Whether accounting for dates or places, my memory—and to some extent, my life—hangs on the episodic stuff. I’m attached to the repeats and iterations: A mental inventory of restaurants where I celebrated successive birthdays. The bar John and I proceed to after work every Friday night. Three-and-a-half hours on the train to Harrisburg every December. Bagels and The New York Times on weekend mornings.
I hoard the specifics. I can separate out each week at the beach like beads on a string, keep them in order, put a few in my pocket, tell the story of each one. Typically, it’s less a coherent account than a collection of anecdotes and neutral facts that can be shuffled and singled out: what was foreseeable, what was unusual, what were the data points?
All this background means that when I return to the Outer Banks, my presence feels preordained. Or maybe just “scheduled,” a less romantic variation on that theme. Some of the early excitement—the amazement I felt at the unguardedness of the place, the thrill of being here with no demands on my time—has been traded in for gratitude and relief. Basically, for familiarity. It’s satisfying, the particular flavor of anticipation that comes with knowing what it’s time to do, where I’m slated to be.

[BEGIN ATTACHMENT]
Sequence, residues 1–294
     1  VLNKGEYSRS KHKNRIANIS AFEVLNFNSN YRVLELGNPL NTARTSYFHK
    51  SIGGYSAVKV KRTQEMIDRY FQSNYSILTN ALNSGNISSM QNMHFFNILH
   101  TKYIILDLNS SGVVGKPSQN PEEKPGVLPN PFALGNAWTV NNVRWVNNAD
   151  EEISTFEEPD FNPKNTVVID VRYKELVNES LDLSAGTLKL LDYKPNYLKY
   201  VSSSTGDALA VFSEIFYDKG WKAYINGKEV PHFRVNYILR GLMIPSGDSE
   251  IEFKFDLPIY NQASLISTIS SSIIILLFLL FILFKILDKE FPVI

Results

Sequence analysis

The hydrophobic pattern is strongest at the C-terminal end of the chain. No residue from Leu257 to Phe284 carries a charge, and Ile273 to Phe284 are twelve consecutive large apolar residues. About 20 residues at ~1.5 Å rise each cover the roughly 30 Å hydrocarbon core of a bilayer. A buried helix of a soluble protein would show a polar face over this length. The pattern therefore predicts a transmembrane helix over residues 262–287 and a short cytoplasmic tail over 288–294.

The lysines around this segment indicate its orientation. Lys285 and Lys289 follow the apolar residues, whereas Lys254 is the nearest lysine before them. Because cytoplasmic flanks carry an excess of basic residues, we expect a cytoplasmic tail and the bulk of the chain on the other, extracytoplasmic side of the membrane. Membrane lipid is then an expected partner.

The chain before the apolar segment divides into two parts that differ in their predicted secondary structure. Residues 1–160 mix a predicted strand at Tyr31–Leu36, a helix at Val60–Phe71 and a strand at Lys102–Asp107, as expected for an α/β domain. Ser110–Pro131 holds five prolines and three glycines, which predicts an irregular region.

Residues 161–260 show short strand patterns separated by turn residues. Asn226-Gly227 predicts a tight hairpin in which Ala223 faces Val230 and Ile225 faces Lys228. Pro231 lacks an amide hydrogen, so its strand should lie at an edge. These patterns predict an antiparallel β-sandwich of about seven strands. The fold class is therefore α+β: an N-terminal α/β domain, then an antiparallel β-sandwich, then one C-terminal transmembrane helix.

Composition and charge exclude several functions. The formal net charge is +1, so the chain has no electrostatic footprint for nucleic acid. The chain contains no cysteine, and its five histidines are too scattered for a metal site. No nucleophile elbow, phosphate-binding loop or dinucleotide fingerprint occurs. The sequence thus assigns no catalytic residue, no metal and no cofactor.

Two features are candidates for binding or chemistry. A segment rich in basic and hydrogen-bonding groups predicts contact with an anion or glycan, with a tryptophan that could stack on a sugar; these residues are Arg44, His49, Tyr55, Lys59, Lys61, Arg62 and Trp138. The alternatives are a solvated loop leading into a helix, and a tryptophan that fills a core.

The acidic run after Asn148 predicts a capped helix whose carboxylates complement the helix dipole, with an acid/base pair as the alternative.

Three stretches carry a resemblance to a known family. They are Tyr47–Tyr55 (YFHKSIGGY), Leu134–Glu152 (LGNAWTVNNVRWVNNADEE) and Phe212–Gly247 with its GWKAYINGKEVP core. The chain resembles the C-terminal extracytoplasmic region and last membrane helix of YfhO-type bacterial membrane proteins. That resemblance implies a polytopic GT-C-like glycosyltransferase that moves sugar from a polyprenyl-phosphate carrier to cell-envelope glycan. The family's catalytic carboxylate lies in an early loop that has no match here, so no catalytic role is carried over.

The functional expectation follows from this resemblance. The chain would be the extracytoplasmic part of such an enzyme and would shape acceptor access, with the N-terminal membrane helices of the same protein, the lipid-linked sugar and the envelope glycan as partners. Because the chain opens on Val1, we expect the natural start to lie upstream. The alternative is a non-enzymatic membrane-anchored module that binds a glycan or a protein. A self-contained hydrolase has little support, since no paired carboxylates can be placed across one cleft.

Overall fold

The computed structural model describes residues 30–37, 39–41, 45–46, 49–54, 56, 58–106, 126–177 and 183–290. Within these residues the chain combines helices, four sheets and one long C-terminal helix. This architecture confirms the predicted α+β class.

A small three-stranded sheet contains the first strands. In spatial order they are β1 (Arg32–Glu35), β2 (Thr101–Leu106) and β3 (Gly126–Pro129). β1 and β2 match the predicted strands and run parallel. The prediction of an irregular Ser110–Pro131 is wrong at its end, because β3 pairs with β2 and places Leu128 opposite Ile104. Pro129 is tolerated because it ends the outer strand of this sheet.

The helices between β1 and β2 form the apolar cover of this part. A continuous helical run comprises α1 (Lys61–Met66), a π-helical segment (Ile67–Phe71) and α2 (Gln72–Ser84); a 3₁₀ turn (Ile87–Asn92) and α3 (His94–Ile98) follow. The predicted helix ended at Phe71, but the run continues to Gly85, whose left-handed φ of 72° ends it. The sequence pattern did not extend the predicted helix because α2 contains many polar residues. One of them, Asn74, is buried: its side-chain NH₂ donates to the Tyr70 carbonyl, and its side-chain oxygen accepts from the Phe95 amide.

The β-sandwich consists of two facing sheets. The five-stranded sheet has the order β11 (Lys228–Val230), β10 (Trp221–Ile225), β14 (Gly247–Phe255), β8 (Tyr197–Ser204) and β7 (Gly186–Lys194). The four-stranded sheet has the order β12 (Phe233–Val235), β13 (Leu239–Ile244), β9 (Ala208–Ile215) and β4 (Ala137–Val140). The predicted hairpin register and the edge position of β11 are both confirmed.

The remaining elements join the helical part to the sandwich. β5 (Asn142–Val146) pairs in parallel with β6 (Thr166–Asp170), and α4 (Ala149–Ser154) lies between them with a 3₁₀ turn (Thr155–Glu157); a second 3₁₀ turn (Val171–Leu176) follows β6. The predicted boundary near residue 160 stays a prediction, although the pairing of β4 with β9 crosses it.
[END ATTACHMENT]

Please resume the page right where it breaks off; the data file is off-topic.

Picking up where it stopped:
Reliability is seductive. Go back to a place enough times and leaving starts to seem beside the point. The chapters bleed together and frustrate even my most diligent attempts at keeping them straight. The past couple of years when we’ve arrived at the beach, I’ve been met by the feeling that I was just there—as if the year that went by between visits was nothing at all, as much a dalliance in its own way as this one cherished week. Heading in on roads we last traveled twelve months ago in the opposite direction, I’m half-convinced that previous drive was just a prolonged run to the store.
Ever honest, the shape of the land tells me otherwise.